Whether you want a glimpse into the past or a hit of nature, Leeds stately homes and gardens are sure to come through.
Leeds is blessed with some incredibly historic landmarks that will give you a glimpse into the past, and among them, are a host of stately homes, complete with gardens that are just waiting to be explored. But you don’t need a historic building to get a garden worthy of your attention, so we’ve also rounded up the city’s best stand-alone public gardens.
Once home to aristocrats, these buildings are stunning to look at and filled with history.
There’s so much to see and do at Temple Newsam, with 1,500 acres of parkland surrounding one of the finest stately homes in Leeds. Inside the restored Tudor-Jacobean mansion, you’ll be able to explore 500 years of history, giving you an idea of how the people who once called it home lived, as well as looking at an incredible array of fine and decorative art. Outside, there’s more to discover. Capability Brown designed the extensive gardens in the 18th century, and it’s a beautiful blend of grassland and woodland with incredible views. Bringing the kids? They’ve even got a farm with pigs, sheep and cattle.
Temple Newsam, Temple Newsam Road, Leeds, West Yorkshire, LS15 0AE.
There’s no doubt that Harewood House is a must-visit. It’s one of the Treasure Houses of England and inside, you’ll be able to gaze upon an incredible collection of contemporary art collected over 200 years, as well as an ever-changing calendar of exhibitions. You can take a tour of the house itself, learning all about its esteemed owners, but don’t forget to head outside – it’s home to one of the most impressive gardens in Leeds. Designed by Capability Brown and spanning 1,000 acres, you can enjoy landscaped vistas, as well as visiting the bird garden, farm and penguin enclosure.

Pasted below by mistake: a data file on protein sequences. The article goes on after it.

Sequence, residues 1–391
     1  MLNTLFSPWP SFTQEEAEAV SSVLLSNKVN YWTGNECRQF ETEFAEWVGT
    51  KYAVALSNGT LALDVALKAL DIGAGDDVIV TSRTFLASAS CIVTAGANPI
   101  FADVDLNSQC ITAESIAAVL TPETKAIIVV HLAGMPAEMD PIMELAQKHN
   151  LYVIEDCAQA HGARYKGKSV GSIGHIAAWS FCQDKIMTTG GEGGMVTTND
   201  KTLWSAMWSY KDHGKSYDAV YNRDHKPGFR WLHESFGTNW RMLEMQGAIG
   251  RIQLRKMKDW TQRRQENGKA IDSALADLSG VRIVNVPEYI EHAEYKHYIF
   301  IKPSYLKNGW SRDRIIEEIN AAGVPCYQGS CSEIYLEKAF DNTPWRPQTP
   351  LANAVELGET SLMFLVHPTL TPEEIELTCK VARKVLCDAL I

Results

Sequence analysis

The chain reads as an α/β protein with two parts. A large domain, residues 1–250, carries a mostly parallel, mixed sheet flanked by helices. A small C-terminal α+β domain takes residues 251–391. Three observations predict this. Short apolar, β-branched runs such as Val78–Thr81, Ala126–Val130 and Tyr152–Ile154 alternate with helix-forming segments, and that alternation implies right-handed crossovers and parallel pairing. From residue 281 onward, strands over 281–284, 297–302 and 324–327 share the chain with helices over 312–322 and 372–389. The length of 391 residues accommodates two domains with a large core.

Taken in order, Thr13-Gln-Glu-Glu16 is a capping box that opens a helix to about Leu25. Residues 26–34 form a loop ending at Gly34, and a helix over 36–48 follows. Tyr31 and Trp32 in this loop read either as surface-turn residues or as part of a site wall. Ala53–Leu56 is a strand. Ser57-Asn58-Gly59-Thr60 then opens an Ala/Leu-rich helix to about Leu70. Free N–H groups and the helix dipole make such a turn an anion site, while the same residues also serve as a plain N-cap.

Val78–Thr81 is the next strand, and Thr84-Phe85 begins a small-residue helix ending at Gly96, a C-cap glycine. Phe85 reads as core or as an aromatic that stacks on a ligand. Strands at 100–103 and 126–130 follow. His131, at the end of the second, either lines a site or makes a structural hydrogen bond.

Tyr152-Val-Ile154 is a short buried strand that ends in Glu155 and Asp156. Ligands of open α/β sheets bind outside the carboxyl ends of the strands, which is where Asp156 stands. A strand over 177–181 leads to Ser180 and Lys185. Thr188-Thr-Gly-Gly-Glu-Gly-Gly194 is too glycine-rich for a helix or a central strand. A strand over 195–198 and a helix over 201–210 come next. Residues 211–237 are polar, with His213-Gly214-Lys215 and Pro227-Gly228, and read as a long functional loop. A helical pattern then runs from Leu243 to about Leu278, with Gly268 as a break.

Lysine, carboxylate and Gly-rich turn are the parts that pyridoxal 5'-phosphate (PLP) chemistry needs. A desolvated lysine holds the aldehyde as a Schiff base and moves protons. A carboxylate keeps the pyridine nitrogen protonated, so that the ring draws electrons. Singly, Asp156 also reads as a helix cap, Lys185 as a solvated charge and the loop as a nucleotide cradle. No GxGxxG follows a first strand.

Harewood House, Harewood House Estate Office, Sandy Gate, Harewood, Leeds, West Yorkshire, LS17 9LG.
Lotherton Hall is one of Leeds’ most popular stately homes in Leeds with over 750,000 visitors a year. The Edwardian house was once home to the Gascoigne family and they’ve preserved the original decor from when they remodelled the estate in 1893, so you can see how the English upper classes and their servants lived and worked in the early 20th century. They also have a huge decorative art collection and you mustn’t miss their famous Fashion Galleries, which chart changing trends through the ages. The Edwardian Gardens are an attraction in their own right, covering 8 acres, or you can explore The Wildlife World, where you’ll find an orchard, a deer park and a bird garden, as well as play areas and nature trails.
Lotherton Hall, Off Collier Lane, Aberford, Leeds, West Yorkshire, LS25 3EB.
Leeds is home to some wonderful gardens where you can spend the day exploring.
The Specialist Gardens at Roundhay Park